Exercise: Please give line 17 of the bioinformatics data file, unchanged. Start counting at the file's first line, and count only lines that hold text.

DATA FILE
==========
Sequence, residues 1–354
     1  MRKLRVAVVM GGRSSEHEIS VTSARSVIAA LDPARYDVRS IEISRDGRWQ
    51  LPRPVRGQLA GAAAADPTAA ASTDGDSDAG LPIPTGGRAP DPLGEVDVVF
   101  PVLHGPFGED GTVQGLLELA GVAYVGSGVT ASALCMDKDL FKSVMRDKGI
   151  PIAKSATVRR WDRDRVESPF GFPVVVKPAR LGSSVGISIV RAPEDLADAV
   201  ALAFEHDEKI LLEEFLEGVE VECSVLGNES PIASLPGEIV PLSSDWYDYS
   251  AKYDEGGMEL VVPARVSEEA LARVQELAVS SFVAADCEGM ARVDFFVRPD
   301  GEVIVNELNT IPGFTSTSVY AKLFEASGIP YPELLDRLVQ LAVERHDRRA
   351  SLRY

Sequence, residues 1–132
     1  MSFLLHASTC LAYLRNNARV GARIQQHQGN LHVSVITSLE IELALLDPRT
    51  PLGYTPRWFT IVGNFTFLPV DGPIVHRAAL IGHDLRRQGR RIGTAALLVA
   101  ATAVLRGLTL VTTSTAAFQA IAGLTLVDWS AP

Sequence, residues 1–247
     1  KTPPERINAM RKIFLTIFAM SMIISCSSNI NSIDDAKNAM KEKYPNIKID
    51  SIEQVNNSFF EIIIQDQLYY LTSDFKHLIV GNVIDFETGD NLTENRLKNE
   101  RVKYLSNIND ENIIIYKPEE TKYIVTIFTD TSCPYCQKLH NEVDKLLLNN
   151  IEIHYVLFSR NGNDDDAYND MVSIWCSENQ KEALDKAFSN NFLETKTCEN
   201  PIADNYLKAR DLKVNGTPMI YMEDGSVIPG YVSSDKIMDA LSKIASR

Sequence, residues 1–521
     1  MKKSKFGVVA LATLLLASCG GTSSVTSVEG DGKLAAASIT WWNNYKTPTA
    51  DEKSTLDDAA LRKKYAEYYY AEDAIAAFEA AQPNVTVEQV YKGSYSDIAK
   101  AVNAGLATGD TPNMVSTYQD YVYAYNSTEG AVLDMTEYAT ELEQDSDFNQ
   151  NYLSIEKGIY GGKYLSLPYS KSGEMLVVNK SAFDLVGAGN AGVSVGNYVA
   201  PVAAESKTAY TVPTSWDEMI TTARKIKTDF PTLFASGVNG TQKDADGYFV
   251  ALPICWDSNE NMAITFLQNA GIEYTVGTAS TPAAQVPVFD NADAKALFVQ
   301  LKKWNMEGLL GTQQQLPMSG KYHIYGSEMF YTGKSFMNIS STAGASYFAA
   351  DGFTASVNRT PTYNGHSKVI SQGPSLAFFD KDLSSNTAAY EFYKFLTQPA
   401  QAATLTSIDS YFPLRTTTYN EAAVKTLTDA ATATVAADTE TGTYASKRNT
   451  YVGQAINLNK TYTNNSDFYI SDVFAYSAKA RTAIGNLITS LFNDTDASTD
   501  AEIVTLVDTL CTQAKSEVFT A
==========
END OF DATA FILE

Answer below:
   101  RVKYLSNIND ENIIIYKPEE TKYIVTIFTD TSCPYCQKLH NEVDKLLLNN